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Dr. Rumyana Grozdanova is Researcher in Terrorism, Counter-Terrorism and International Law at the T.M.C. Asser Institute within the Research Strand ‘Human Dignity and Human Security'.
In December 2007, she was awarded a BA (Hons.) Legal Studies with Business by Nottingham Trent University. She also holds an LLM in Criminology and Criminal Justice by University College Dublin. She was awarded her doctorate degree in June 2017. Her PhD dissertation - 'Extraordinary Rendition: A Study of the 'Gaps' in the International Legal Framework' - was completed in Durham Law School under the supervision of Prof. Fiona de Londras (Birmingham) and Prof. Ian Leigh (Durham). Her PhD dissertation was examined by Prof. Gavin Phillipson (Durham) and Prof. Liora Lazarus (Oxford).
Between September 2014 and April 2018, she was a Lecturer in the University of Liverpool Law School where she taught and coordinated two research-led optional Stage 3 undergraduate courses (Security, Conflict and the Law and Introduction to the Law of the ECHR) and a core LLM module on International Peace and Security. She also coordinated all the Stage 3 undergraduate dissertation modules. During the 2015/2016 academic year, she was nominated for the LawCareers.Net Lecturer of the Year Award. During her PhD in Durham Law School, she was a Tutor in European Constitutional Law. Rumyana is also a Fellow of the Higher Education Academy (UK) and holds a Certificate in Professional Studies in Learning and Teaching in Higher Education.
In 2012, she won a prestigious visiting PhD Scholarship from the Australian National University. She was invited to visit the Centre for International Governance and Justice, which is part of the Regulatory Institutions Network (RegNet) in the College of Asia and the Pacific, the Australian National University in Canberra. During her visit, she participated in the project “Strengthening the International Human Rights System: Rights, Regulation and Ritualism” under the auspices of Professor Hilary Charlesworth.
My general research interests include International and European Human Rights, States of Emergency, Constitutionalism and Counter-Terrorism, Legal and Political Theory and International Law or in more specific words, the relationship of the individual (terror suspect) and the state following acts of terrorism. In particular, I am interested in the impact of domestic and international counter-terrorism measures and national security policies on the individual, the rule of law and state accountability. I am currently exploring the increasing normalisation of secrecy within states and the impact on the rule of law and individual human rights and dignity both in times of normalcy and emergency.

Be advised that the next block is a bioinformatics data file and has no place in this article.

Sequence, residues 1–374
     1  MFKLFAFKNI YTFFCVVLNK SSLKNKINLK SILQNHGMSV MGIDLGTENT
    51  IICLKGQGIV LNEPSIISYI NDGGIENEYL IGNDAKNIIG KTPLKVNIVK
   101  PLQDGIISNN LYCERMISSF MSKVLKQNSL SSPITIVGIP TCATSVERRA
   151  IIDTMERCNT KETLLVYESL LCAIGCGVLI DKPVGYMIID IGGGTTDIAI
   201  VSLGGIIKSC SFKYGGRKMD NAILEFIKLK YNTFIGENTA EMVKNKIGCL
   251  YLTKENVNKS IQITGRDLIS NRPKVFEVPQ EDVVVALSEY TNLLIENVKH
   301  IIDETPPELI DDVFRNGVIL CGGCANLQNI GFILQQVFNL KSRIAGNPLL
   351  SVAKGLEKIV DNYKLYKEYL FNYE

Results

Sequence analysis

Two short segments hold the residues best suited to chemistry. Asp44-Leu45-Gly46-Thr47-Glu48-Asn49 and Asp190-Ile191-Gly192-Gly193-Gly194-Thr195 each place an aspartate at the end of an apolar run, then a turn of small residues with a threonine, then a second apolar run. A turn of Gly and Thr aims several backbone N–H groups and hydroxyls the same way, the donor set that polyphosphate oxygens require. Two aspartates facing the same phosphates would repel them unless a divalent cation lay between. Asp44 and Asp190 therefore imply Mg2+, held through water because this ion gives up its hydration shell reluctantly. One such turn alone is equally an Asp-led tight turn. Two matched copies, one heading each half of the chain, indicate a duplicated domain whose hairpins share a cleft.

Selected Peer-Reviewed Publications
Grozdanova, R., ‘The United Kingdom and Diplomatic Assurances: A Minimalist Approach to the Anti-Torture Norm’, (2015) 15 (3) International Criminal Law Review 517 – 543
Grozdanova, R., ‘Terrorism’ – Too Elusive a Term for an International Legal Definition?’, (2014) 61 (3) Netherlands International Law Review 305 – 334
Grozdanova, R., ‘Privatizing War: Private Military and Security Companies under Public International Law’, (2014) 1 European Human Rights Law Review 86 – 88
Grozdanova, R. and de Londras, F., “Protecting Victims’ Rights in the EU: the Theory and Practice of Diversity of Treatment during the Criminal Trial” (2014, Centre for European Constitutional Law, available at http://www.victimsprotection.eu)
The Normalisation of Secrecy in the UK and Dutch Courts, joint T.M.C. Asser and IACL (Constitutional Responses to Terrorism) Verfassungsblog Symposium (invited contribution in May 2018)
Ritualised Responses to ‘New’ Terror Threats post 9/11, Centre for International Governance and Justice (RegNet, ANU) Blog – Regarding Rights (invited contribution in February 2016)
Stateless Terrorists: Domestic and International Legal Implications, Human Rights in Ireland (co-authored guest post in November 2013)
US Surveillance Leaks, Human Rights in Ireland (authored guest post in June 2013)
Extraordinary Rendition and Human Rights: The Case of Khaled El-Masri, Centre for International Governance and Justice (RegNet, ANU) Blog – Regarding Rights (invited contribution in March 2013)